a sad song by Patsy Cline

i fall to pieces

NaBloPoMo #21

Sorry Charlie!

Copyright - C. Hase
Photo by Douglas M. Macllroy

In response to “Friday Fictioneers Challenge.”

“What’s all the commotion about Charlie.”

“It’s an audition for a seafood commercial. They took our glamour shots this morning. I was one of four to be called back a few minutes ago to speak our lines. They narrowed that field down to three. And I am one of the three.”

“Looks like you have some colorful competition.”

“Oh, hoiti toi, there are just a bunch of Koi. Wait, here comes the producer. I hope I’m the winner.”

“Sorry, Charlie. We are looking for someone who has good taste, not taste good.”

Friday Fiction: Shopping Cart Schizohrinia

copyright -Janet Webb

Thanks to Rochelle Wisoff-Fields again for her Friday Fictioneers challenge.

The lady, judging from her appearance and quirks, has extreme mental health issues, but she plays the game of life, non-the-less. She walks to and from somewhere dragging that shopping cart, but is also occasionally seen trundling a piece of luggage to and fro. She sports bright red earmuffs when it’s not even cold outside. To talk to her, she seems normal enough, but her appearance and that shopping card set her apart. I wonder what is so important to her that she takes it with her on a daily basis.

She always refused to leave that cart behind for any reason.

Low Tide

Thanks for the encouragement of Friday Fictioneers.

seagulls-wicklund

The police said “that it looked similar to cocaine and they probably thought they’d hit the big time.” Nathan stood in front of the TV cameras and pleaded with the burglars: “please return the cremated remains of my sister. She died three years ago.”

The next morning the bullet-riddled corpse of a drug dealer named Hoochie Pevens was found on the beach. The cardboard box was there too; about half of Gertrude’s ashes remained. and there was this note. It said: “Hooche sold us the bogus blow, so we wasted Hoochie. Sorry we snorted your sister. No hard feelings. Have a nice day.”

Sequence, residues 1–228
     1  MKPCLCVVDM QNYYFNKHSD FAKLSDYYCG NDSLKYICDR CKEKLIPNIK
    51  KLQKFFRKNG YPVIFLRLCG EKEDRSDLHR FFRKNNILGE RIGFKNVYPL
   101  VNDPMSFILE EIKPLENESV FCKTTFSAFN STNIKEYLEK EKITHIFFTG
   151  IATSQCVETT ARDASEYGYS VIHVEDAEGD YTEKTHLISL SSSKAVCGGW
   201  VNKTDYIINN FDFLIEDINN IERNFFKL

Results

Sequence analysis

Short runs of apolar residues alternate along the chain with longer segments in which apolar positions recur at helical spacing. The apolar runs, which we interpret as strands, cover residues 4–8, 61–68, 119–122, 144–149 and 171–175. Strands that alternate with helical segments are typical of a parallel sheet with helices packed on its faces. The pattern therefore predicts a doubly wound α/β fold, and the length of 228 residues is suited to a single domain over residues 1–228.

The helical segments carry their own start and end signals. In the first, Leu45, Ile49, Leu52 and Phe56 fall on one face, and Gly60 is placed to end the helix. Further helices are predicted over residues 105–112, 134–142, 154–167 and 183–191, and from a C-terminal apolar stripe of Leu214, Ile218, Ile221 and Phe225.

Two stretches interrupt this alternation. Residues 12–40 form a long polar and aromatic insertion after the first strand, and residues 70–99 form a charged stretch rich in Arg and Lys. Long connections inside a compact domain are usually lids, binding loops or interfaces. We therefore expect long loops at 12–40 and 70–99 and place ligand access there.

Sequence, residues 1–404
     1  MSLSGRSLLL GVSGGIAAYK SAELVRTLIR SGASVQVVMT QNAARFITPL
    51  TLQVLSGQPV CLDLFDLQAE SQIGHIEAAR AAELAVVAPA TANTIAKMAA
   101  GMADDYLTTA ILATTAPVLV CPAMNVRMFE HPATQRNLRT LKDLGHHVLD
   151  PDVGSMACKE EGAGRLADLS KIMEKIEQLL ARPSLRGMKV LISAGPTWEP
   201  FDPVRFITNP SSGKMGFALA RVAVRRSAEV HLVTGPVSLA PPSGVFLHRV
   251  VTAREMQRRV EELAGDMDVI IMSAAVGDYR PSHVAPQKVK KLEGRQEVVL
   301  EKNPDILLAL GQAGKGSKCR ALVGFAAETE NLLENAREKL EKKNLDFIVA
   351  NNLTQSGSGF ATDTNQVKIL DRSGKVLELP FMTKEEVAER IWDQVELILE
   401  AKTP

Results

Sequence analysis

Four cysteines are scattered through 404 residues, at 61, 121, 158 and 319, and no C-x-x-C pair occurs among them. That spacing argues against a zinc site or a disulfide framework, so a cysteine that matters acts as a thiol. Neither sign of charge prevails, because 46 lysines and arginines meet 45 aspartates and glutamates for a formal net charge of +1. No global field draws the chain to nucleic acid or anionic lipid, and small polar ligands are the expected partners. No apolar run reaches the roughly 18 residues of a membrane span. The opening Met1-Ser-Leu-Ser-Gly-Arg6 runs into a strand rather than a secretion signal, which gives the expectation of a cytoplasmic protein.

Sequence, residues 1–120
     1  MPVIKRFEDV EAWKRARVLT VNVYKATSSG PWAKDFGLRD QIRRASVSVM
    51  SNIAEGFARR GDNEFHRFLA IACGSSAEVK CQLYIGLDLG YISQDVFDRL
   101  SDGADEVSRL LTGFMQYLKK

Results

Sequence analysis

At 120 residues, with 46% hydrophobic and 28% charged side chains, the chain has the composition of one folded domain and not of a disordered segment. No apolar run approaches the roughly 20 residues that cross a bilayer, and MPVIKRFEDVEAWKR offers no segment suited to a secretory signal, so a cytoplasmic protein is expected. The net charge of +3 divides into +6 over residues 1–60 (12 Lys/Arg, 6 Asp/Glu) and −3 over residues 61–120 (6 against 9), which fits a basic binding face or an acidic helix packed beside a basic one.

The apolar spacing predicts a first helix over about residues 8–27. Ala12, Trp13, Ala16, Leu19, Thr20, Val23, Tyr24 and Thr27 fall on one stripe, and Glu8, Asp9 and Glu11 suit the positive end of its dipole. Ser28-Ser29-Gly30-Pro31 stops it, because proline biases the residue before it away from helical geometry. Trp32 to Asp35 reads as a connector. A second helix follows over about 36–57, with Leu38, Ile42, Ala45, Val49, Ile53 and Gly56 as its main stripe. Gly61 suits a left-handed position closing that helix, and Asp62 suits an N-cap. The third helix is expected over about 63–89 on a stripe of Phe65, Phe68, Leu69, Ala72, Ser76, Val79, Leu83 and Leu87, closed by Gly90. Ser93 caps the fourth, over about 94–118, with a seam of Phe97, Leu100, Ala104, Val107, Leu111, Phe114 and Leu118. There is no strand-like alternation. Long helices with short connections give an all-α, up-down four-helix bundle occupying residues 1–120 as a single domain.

Three Doors: Poets, Memories, and Death

It’s time for Friday Fictioneers.

Write a one hundred word story that has a beginning, middle and end. (No one will be ostracized for going a few words over the count.)

threedoorsHe didn’t know why his grandmother like this picture. But she told him her interpretation many times.

“Behind the yellow door you can hear poets and prose writers reading their books. The blue door contains old memories which never die. Some do escape through the opening. And the red door is protection from the angel of death.”

This is where nothing ever happens but winter always comes”.

Night Grandma!

Martha – Friday Fictioneers

“Martha?” Again, no reply.

He knew he had the correct shop. It was where she purchased her wedding dress many years ago. He had returned from the war with shrapnel in his leg. She said the damaged leg didn’t bother her and so they were married.  She was lovely on that day. Her face radiated with a glow so intense he was afraid to touch her. And almost every anniversary they would have tea at the little place across the street.

It had been a few years since they had celebrated an anniversary. He could not remember the last time.

“Martha?”